Adam Geczy

‘In the so-called age of post-democracy, of the fizzle-out of the Occupy Wall Street Movement, of corporate megalopolises, the failed ‘hope’ of Obama and now the astonishing rise of Trump, the clown is needed more than ever as a symbol and a cipher of defiance in despair. He embodies an age when idiocy is rewarded, when platitudes are lauded, and the world disordered. At the same time, he is the figure of resistance, as one who fails to crumble through the force of his own whimsy and hysteria, who creates his own world that holds a mirror to absurdity and ignorance.’ – Adam Geczy

Sydney artist Adam Geczy’s new series, ‘Just Clownin’ Around’, engages with the traditional image of the clown as a universal trope for our contemporary Zeitgeist. In this installation of limited action videos and related objects or ‘artefacts’, Geczy siphons inspiration from some of the early performance pieces of the sixties and seventies, live and filmed, as he documents his six-year-old son in different forms of Clownface performing for the camera. Rendered with a freakshow/vaudeville aesthetic, some actions suggest a narrative while others are simple – such as a close-up of the boy scowling for as long as he can maintain the expression. The specially fabricated costumes in the films are exhibited as ‘ghosts’ in the exhibition; revenant traces of repressed desires and fugitive fantasies.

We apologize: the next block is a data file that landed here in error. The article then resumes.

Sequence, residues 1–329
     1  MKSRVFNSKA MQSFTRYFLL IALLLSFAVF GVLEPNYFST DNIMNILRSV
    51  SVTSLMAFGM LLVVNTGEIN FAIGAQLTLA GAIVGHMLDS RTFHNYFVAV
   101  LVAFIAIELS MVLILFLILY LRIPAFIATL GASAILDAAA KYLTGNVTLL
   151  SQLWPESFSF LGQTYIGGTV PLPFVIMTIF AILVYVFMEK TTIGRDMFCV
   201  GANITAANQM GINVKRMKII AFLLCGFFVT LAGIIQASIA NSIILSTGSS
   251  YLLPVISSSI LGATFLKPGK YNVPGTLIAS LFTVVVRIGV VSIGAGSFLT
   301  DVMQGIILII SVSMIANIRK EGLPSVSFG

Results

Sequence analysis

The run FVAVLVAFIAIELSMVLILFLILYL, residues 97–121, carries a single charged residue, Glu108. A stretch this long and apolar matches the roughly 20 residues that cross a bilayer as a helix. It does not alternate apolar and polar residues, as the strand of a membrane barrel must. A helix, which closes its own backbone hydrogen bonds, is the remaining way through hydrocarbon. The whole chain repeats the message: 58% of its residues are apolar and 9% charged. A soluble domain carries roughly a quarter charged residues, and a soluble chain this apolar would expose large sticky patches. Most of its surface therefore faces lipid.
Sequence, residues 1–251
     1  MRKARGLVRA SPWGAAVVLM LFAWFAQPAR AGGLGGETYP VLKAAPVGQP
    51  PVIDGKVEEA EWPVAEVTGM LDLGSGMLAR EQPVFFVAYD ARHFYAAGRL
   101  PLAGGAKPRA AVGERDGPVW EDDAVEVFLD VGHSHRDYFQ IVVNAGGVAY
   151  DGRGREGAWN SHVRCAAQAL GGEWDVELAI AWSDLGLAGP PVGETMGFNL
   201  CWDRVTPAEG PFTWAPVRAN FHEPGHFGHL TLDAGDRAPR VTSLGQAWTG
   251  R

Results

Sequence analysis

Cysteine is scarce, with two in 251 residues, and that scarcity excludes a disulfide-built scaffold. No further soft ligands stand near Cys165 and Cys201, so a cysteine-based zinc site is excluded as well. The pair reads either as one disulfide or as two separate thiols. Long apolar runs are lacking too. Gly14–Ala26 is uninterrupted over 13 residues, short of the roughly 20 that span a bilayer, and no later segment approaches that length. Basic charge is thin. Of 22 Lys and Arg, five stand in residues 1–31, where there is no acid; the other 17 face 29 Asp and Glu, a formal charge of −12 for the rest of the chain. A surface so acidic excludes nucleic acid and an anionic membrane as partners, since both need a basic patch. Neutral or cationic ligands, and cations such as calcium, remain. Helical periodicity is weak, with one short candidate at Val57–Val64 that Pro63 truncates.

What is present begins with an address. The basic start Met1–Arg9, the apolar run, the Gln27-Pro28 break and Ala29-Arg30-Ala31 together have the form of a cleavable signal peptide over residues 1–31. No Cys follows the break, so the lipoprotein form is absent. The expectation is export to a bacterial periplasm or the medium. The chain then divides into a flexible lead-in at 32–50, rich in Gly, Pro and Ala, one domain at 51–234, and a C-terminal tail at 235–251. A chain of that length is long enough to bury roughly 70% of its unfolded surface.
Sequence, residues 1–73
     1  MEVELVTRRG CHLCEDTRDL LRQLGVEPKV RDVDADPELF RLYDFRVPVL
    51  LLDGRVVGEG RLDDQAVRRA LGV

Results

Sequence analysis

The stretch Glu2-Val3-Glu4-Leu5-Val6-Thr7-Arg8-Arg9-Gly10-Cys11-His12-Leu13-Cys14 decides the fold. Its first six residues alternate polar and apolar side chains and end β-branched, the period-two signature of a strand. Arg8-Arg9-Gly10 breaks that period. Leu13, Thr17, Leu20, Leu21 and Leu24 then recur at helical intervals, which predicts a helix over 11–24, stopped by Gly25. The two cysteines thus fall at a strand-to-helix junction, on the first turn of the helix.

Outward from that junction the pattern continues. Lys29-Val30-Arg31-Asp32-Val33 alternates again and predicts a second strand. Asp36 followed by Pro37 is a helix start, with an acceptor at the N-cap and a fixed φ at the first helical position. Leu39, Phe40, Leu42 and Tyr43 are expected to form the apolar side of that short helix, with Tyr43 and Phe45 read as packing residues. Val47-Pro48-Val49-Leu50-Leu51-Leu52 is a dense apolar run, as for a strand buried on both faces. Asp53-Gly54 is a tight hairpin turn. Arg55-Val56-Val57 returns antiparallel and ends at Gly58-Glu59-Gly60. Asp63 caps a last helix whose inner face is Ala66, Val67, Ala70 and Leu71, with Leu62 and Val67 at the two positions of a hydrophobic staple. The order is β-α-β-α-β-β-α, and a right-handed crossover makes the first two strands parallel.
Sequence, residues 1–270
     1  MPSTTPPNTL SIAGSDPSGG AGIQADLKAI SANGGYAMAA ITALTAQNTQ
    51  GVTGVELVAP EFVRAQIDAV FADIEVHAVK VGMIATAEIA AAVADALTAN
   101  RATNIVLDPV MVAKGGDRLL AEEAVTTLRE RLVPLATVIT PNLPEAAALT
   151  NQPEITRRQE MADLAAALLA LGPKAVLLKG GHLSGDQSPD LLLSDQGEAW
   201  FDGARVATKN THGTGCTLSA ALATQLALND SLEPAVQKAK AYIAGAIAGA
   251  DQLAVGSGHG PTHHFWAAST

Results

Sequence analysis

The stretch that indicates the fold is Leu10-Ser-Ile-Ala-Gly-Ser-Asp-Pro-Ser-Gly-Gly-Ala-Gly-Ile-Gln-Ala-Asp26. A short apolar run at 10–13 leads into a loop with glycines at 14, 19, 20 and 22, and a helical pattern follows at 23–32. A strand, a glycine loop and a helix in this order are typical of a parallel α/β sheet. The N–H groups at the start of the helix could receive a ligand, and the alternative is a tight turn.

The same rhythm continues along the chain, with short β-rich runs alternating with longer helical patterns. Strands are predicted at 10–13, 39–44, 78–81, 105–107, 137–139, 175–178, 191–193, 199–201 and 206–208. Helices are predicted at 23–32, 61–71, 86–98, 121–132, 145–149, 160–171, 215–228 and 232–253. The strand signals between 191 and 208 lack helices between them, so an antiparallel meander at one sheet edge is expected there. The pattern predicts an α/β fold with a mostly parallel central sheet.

Both celebratory and sinister, the clown trope taps into the fear and fascination that shrouds this ubiquitous figure. Geczy approaches the concept of ‘clown’ in the metonymic sense as a vehicle for expression, where masks are used to disclose rather than to cover up. Wearing his clown guise, the little boy represents the expressions, nuances and vulnerabilities of children as distinct from the forced universality of adult life. There is the suggestion that the clowning of children reflects the clowning all around us in society that masquerades as normalcy.

For Geczy, the masking of the child—filmed by the father—is a metaphor for private phantasy and resistance. ‘While historically adult masquerade has had a long relationship with the expression of covert desire, it can be seen to play a commensurate role for children’, explains the artist. Role-play, particularly when children mimic adults, reveals much about the difference between children and adults, but also the perceptions of children with regard to their own power and agency. ‘Masquerade becomes what might be called a form of surrogate navigation’, continues Geczy, ‘Having the child staging adulthood, or playing at being both child and adult, engenders an unease, an uncanny that is only detected by adults as result of socially ingrained prohibition and forced silence. As a result the child, albeit unwittingly, has the last laugh’.

Adam Geczy | Just Clownin’ Around
16 February – 9 March, 2019
Kronenberg Wright Artist Projects, Sydney


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